“People think that when the unemployment rate goes down, then SNAP becomes less important,” Waxman said. But the lingering effects of the pandemic, 40-year high inflation and rising interest rates have only complicated this simple assumption, she added.
Food inflation has no miracle solution
Inflation stood at 8.2% in September compared to a year ago, according to the latest government data. The rise in food prices was even higher at 11.2%. Everything is getting more expensive – from container and labor costs to livestock feed.
Russia’s war in Ukraine has driven up energy prices and essential agricultural supplies have been cut off by Western government sanctions in response to the war. Additionally, the pandemic has disrupted global supply chains and labor costs have increased due to labor shortages. The heat and extreme weather conditions of the past year have further interrupted agricultural production.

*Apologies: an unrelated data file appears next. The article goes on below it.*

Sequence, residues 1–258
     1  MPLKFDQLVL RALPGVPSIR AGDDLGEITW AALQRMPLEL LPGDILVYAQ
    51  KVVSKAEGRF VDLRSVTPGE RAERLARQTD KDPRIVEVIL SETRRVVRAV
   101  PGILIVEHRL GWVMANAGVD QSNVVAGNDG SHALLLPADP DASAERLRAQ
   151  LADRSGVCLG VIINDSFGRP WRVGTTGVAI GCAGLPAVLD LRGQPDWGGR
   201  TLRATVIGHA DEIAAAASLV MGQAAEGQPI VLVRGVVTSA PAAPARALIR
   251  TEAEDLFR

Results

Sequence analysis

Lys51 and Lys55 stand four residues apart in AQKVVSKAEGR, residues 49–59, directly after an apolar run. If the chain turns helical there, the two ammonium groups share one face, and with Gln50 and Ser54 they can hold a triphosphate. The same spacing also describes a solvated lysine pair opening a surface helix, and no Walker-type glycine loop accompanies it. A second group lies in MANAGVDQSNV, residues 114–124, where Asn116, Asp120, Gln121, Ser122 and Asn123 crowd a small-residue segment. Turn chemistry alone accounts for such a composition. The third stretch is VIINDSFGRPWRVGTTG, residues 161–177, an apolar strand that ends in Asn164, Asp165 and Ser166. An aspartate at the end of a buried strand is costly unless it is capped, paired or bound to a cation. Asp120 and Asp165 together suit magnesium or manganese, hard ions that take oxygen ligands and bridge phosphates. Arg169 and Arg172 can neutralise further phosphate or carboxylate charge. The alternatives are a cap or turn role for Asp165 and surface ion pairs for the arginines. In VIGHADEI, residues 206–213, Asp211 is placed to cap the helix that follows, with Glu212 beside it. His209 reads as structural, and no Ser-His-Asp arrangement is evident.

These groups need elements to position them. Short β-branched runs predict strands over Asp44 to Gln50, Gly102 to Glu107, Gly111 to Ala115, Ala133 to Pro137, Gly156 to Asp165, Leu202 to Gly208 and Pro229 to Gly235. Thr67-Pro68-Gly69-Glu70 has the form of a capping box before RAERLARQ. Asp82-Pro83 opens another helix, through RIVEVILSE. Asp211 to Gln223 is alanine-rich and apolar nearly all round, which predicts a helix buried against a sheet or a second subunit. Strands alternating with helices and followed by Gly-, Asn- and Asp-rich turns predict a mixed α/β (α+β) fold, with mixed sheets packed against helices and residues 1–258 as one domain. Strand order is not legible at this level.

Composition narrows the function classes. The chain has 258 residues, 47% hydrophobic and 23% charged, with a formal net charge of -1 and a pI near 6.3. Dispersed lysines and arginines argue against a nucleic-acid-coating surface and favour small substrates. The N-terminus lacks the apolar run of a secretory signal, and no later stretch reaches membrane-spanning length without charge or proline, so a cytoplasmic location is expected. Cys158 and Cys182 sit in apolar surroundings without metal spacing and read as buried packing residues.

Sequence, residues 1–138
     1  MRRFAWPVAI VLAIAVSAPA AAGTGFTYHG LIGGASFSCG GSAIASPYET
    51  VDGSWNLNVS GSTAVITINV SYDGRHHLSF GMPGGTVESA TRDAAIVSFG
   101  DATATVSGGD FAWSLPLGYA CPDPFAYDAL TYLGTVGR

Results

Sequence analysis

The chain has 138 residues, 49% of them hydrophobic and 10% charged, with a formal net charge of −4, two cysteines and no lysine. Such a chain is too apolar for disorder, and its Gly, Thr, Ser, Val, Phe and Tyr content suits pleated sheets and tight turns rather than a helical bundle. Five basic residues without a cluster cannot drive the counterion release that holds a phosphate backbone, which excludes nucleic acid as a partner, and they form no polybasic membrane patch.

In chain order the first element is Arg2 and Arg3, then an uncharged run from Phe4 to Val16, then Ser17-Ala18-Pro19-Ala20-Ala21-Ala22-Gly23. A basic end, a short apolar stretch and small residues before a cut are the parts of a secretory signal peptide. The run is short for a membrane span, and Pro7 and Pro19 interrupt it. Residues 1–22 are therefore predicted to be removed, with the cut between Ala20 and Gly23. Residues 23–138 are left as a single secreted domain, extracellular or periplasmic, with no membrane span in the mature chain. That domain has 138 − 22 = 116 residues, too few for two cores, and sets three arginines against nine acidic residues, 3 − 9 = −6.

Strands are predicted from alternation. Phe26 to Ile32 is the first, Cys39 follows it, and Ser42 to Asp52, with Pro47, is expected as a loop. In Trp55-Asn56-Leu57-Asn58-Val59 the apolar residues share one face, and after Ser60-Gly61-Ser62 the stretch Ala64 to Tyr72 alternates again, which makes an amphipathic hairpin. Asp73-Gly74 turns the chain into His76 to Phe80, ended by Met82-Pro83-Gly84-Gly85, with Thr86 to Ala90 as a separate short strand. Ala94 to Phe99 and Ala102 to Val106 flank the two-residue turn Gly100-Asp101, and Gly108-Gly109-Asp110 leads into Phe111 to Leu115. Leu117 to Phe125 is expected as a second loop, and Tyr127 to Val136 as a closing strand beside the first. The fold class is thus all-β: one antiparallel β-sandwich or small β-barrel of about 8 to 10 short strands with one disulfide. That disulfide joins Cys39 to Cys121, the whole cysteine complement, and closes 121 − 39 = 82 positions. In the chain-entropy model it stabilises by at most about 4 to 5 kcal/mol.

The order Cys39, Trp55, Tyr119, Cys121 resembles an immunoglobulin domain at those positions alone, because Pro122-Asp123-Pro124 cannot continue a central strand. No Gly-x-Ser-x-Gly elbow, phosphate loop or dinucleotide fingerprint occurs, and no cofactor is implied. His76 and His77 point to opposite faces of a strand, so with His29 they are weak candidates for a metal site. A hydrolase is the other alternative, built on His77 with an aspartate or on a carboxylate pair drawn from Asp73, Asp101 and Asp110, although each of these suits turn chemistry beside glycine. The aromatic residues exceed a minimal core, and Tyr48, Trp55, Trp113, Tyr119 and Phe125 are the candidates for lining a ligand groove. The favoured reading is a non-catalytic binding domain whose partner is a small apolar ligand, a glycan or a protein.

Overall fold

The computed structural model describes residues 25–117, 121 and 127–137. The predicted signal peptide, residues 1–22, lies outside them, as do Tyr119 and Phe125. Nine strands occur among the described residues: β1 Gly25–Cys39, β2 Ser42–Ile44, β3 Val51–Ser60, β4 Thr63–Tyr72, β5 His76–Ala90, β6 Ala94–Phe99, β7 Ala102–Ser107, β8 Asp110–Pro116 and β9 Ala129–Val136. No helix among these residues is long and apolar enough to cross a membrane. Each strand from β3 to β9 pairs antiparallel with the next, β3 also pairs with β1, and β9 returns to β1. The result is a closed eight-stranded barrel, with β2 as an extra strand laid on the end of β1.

“The cost of groceries has increased by 13% over the last 12 months, which means that a trip to the supermarket for $100 in September 2021 cost $113 in September 2022,” Reznickova pointed out in her blog post. “While $13 may not seem like much, it can have a big impact in a country where 13.5 million households struggled last year to put food on the table.”
“SNAP is not reacting to rapid inflation like what we’ve seen this year,” she added.
Although inflation remains a major concern for voters, regardless of the results of the midterm elections, there is little Congress can do to lower food prices, Waxman said. There is no quick fix, she added.
American households are drawing on their savings to pay their bills and reducing their spending. Some families told MarketWatch they couldn’t afford meat and instead were forced to turn to cheaper options such as beans.